Lonely Planet: See California’s redwood forests for free and help protect them into the future. “Redwood State Parks contain part of the ancient coastal forest that originally spanned more than 2.2 million acres along California’s Big Sur Coast and north into Oregon. The gigantic trees were heavily hit by the demand for lumber following the 1849 Gold Rush, suffering a devastating reduction to cover only 5% of their original range. Thankfully, conservation efforts launched 100 years ago to help save the lumbering giants, which are now a huge attraction to nature-loving visitors in California.” An online guide to the 80+ redwood forest parks in California launches later this month.
DigitalNC: Images and Vertical Files from our Newest Partner, the Forest History Society. “Photographs and vertical files from our newest partner, The Forest History Society, are now online at DigitalNC. The Forest History Society is a nonprofit organization located in Durham, North Carolina, that is dedicated to the collection and preservation of materials concerning forest history and conservation. The Forest History Society represents information about forestry around the world, but the materials now up on DigitalNC are specific to North Carolina.”
Phys.org: Students bring sixty years of data to life on the web . “For fields like environmental science, collecting data is hard. Gathering results on a single project can mean months of painstaking measurements, observations and notes, likely in limited conditions, hopefully to be published in a highly specialized journal with a target audience made up mostly of just other specialists in the field. That’s why when, this past summer, Duke students Devri Adams, Camila Restrepo and Annie Lott set out with Professor Emily Bernhardt to combine over six decades of data on the Hubbard Brook Experimental Forest into a workable, aesthetically pleasing visualization website, they were really breaking new ground in the way the public can appreciate this truly massive store of information.”
Reuters: Bunge, partners launch Brazil database to combat deforestation. “Bunge Inc and partners on Tuesday launched an online database aimed at helping companies make investment and purchasing decisions that discourage farmers from cutting down trees for arable land. The Portuguese-language database … currently has data on Brazil’s Cerrado and will later include the Amazon region. The information can be used to assess the social and environmental risks of contributing to deforestation through soybean planting expansion in Brazil, the world’s largest exporter of the oilseeds.”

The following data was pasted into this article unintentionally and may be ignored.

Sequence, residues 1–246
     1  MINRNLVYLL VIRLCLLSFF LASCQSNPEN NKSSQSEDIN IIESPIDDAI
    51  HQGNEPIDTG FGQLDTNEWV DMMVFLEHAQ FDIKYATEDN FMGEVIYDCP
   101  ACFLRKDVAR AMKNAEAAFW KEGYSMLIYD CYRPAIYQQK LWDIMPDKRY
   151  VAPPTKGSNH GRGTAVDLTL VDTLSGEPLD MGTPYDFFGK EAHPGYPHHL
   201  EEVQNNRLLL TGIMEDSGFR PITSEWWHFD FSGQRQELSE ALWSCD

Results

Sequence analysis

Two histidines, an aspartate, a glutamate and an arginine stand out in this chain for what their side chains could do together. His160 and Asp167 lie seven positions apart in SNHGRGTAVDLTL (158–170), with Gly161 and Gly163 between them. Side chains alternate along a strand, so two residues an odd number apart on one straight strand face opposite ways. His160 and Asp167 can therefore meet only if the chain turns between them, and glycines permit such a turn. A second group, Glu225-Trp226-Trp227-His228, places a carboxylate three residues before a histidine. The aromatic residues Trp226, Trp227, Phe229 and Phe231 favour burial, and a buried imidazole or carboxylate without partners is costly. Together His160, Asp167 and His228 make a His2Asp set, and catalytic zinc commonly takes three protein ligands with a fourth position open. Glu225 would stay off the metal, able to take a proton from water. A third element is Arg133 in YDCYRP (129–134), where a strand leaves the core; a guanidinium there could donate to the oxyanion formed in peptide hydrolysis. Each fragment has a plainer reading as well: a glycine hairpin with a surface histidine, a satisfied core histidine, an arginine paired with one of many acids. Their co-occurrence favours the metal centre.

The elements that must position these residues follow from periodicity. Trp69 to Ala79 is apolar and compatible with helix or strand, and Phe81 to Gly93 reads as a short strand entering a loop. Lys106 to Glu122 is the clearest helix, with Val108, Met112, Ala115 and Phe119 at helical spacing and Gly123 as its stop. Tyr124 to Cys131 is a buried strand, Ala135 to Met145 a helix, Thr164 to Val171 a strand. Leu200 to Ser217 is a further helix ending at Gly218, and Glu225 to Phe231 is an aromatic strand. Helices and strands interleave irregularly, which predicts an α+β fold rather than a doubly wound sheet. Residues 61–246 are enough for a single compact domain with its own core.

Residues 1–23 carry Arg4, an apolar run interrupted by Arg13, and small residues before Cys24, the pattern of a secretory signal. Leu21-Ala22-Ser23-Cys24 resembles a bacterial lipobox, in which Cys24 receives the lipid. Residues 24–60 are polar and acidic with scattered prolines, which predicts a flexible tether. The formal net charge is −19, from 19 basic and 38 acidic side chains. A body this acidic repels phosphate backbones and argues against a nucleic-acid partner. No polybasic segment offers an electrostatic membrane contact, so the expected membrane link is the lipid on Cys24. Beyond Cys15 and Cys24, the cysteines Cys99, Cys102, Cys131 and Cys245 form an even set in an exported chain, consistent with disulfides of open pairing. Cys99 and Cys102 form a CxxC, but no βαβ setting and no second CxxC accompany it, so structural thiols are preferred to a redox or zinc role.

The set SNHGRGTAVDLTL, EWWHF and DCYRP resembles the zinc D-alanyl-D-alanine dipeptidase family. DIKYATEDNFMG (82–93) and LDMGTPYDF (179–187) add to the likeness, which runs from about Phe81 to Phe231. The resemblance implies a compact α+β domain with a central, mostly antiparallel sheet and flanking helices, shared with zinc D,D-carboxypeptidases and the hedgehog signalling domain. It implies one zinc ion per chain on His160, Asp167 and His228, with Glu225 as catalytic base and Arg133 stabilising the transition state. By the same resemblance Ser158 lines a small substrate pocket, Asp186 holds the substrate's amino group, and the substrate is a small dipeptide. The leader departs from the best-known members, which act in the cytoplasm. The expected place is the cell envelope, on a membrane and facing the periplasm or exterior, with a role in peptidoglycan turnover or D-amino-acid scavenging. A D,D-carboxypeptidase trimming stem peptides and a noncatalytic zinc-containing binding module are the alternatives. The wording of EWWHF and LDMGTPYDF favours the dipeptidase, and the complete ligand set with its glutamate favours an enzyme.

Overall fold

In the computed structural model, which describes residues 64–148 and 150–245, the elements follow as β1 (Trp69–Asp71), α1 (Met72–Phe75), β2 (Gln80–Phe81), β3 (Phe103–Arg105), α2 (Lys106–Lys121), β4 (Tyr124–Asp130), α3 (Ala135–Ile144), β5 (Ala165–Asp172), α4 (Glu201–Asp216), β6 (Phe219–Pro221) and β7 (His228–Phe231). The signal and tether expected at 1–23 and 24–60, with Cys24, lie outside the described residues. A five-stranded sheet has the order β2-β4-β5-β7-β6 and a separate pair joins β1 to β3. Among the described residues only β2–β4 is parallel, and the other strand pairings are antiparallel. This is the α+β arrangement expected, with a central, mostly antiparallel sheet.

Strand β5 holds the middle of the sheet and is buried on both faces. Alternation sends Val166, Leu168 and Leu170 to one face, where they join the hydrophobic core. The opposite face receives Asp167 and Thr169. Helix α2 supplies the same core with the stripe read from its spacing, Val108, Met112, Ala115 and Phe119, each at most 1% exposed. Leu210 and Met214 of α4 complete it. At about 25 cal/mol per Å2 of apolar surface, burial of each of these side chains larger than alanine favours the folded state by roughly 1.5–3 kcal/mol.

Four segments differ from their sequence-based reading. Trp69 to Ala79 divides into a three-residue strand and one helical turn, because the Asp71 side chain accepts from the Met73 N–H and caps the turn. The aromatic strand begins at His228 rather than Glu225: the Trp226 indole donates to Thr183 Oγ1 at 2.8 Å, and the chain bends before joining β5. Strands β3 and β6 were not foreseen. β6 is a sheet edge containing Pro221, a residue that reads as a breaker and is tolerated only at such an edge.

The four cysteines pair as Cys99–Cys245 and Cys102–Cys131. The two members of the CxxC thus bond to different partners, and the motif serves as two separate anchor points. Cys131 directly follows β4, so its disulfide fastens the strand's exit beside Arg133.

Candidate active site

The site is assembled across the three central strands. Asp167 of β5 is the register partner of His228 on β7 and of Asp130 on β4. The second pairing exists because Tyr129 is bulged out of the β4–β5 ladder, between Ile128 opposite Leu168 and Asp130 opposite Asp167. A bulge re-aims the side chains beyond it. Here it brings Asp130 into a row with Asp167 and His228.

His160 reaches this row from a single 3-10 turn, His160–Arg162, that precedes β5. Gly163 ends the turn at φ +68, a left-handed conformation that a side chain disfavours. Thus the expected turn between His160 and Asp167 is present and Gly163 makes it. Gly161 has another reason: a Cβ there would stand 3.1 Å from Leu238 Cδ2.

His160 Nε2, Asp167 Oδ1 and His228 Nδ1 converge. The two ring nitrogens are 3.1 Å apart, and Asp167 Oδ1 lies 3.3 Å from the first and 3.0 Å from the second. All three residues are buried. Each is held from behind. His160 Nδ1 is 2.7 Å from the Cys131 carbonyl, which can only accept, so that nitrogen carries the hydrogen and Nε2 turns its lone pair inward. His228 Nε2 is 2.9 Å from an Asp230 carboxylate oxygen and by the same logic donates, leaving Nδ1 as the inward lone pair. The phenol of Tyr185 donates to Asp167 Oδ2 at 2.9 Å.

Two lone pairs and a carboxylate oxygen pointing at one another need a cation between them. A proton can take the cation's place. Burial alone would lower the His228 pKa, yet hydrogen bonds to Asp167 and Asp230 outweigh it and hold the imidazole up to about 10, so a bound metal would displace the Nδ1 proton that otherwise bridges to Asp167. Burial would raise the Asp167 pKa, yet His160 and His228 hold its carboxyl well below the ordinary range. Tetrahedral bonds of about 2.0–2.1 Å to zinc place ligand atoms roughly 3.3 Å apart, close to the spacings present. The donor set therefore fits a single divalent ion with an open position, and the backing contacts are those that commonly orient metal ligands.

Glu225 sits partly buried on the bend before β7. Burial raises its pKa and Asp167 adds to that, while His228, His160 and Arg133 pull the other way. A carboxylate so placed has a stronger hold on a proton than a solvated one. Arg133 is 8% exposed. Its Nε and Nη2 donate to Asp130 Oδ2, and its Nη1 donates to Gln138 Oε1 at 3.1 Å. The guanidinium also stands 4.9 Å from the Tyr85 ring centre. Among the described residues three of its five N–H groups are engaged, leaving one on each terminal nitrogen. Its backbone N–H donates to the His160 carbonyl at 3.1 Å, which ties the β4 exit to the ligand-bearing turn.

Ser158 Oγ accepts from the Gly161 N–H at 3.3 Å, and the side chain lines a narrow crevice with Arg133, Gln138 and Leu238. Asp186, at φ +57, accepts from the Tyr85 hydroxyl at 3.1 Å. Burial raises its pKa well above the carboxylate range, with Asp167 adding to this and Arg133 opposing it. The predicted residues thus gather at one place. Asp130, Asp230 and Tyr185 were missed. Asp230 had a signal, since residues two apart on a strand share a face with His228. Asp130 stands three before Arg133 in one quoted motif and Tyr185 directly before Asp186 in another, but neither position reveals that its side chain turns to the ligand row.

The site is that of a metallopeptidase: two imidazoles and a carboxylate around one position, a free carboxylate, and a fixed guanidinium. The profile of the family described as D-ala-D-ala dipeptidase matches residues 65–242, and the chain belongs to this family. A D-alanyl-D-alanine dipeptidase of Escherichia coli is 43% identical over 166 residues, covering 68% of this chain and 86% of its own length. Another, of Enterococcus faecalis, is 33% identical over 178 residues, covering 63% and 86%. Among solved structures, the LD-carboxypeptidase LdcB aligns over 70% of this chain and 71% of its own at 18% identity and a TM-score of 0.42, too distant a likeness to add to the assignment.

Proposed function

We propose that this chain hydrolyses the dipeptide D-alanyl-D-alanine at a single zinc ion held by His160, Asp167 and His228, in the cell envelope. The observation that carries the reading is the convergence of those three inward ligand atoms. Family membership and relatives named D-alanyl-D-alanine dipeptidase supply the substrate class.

Mongabay: New lichen database takes big picture approach to forest monitoring. “The United States Forest Service is about to release a huge new database chronicling the abundance and diversity of lichens across the country. Why lichens? Because these amalgamations of fungi and algae or cyanobacteria — often found crusting over rocks and tree trunks or garlanding branches — are super sensitive indicators of air quality and climate change.”
The Sixth Tone: Online Database Maps China’s Last Undisturbed Forests. “China’s old-growth forests are vital to biodiversity but also under threat, say the organizations behind a new database aimed at protecting them. Wuhan University and Greenpeace East Asia (GPEA) launched Nature Guardian, a website that maps and monitors forests, nature reserves, and more, on Tuesday, the International Day of Forests.” I can’t find an option to see the site in English and Chrome does not offer to translate, which is a shame because most news coverage of China I see is about urban areas. It’s a shock to learn that China’s old-growth forests cover almost 158,000 square kilometers.)
Phys.org: Historic cultural records inform scientific perspectives on woodland uses. “Scientists at the University of York and University College Cork have investigated how cultural records dating back 300 years could help improve understanding of the ways in which science interprets the many uses of woodland areas. The researchers hope that the work will give a cultural narrative to environmental data collected over time, but also give new insight into the ways in which woodland management systems can be adapted to increase a sense of ownership amongst communities that live near woodland areas.”